Pressure piles up on Turkey ahead of EU leaders’ meeting

Turkish drilling vessel Yavuz is escorted by a Turkish Navy frigate in the eastern Mediterranean, August 17, 2020. (Reuters)
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Updated 18 September 2020

Pressure piles up on Turkey ahead of EU leaders’ meeting

  • A European Parliament resolution called for sanctions against Turkey unless it showed “sincere cooperation and concrete progress” in defusing tensions with Greece and Cyprus
  • Turkey criticized the resolution, saying it was biased, and insisted on the need for completely demilitarizing Greek islands in the zone.

ANKARA: European pressure is piling up on Turkey ahead of a meeting next week about the country’s activities in the eastern Mediterranean, with the European Parliament urging the immediate end to “illegal exploration and drilling” in the region.

European Union leaders will meet in Brussels on Sept. 24 and 25 to discuss the single market, industrial policy and digital transformation, as well as external relations, particularly with Turkey and China. 

The situation in the eastern Mediterranean and relations with Turkey were raised by some member states during an EU leaders’ video conference of Aug. 19. Leaders expressed their concern about the growing tensions and stressed the urgent need to de-escalate. 

A European Parliament resolution on Thursday called for sanctions against Turkey unless it showed “sincere cooperation and concrete progress” in defusing tensions with EU members Greece and Cyprus.

Parliamentarians also want it to “immediately end any further illegal exploration and drilling activities in the Eastern Mediterranean, by refraining from violating Greek airspace and Greek and Cypriot territorial waters and by distancing itself from nationalistic warmongering rhetoric.”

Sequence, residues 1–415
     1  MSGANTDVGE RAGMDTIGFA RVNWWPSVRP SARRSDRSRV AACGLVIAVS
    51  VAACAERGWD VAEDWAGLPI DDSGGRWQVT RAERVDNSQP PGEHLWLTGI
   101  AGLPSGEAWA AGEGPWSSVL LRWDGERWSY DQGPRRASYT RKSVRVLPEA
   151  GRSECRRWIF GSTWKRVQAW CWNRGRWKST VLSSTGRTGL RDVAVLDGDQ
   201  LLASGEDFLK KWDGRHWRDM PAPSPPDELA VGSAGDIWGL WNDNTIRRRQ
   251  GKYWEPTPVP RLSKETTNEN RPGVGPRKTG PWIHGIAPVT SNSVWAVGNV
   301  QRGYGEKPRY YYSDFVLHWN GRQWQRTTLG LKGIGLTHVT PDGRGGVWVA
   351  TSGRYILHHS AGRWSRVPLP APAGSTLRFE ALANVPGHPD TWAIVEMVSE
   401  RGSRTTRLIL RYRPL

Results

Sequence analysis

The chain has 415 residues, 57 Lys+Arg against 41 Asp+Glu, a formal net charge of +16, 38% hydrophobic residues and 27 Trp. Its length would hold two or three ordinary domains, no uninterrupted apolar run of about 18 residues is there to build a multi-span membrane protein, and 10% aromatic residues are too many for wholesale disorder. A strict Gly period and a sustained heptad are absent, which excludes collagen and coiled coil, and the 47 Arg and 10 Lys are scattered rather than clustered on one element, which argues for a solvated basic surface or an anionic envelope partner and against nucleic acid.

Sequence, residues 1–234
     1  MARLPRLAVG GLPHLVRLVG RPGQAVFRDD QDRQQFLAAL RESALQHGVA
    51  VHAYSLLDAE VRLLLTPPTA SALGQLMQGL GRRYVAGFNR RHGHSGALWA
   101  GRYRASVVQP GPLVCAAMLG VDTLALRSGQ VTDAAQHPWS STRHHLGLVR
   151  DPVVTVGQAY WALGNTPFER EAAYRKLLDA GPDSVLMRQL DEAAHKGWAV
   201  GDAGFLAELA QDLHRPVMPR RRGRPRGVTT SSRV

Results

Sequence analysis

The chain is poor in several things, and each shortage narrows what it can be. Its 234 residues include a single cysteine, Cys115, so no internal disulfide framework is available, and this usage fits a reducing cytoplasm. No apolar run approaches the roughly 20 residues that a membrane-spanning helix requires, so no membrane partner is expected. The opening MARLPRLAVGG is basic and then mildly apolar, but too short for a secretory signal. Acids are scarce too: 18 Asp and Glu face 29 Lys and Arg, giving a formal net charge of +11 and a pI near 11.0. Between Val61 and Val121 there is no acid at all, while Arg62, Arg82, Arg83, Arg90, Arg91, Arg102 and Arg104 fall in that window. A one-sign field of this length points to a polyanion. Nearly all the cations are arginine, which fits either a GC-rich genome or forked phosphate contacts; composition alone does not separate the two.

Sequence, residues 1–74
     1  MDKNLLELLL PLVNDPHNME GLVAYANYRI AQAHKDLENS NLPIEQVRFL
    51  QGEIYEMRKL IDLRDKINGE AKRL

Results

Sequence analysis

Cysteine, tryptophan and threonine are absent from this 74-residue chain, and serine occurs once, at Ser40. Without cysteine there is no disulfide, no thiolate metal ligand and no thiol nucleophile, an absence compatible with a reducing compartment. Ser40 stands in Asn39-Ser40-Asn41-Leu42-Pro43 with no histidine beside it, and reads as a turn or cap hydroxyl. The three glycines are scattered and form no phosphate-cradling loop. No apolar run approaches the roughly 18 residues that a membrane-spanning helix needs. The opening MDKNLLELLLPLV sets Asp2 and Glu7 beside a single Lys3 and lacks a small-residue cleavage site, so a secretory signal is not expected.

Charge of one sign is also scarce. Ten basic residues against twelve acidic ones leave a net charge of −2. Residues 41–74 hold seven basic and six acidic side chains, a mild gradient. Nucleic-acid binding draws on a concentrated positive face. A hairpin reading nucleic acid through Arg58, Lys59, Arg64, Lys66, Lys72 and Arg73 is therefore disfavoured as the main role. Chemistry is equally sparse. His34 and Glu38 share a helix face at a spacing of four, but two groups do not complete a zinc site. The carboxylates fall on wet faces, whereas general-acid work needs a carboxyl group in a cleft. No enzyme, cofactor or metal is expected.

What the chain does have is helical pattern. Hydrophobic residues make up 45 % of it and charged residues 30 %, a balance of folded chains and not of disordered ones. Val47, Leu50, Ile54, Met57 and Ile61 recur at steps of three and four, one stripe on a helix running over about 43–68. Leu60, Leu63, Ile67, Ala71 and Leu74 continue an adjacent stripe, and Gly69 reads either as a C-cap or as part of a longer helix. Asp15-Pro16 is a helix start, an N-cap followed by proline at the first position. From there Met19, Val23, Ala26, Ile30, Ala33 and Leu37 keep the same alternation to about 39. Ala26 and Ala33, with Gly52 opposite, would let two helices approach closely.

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But Turkey criticized the resolution, saying it was biased, and insisted on the need for completely demilitarizing Greek islands in the zone.

Marc Pierini, a former EU ambassador to Turkey and now analyst at Carnegie Europe, said the resolution reflected the views of a democratically elected parliament from across the bloc.

“This is not ‘country X against country Y,’ it is the aggregated view of the European Parliament,” he told Arab News.

Germany is pushing for mediation efforts, while France is campaigning for punitive measures to stay united with Cyprus and Greece.

Following talks with Cypriot Foreign Minister Nikos Christodoulides in Nicosia, French Minister for European Affairs Clement Beaune said the EU should consider employing sanctions, among other available tools, if Turkey continued to “endanger the security and sovereignty of a member state.”

European Commission President Ursula von der Leyen said on Wednesday that nothing could justify Turkey’s coercion in the eastern Mediterranean in a dispute over energy resources.

“Turkey is and will always be an important neighbor,” she said, a day after Turkey said the operations of its drilling vessel Oruc Reis were extended until Oct. 12. “But while we are close together on the map, the distance between us appears to be growing.”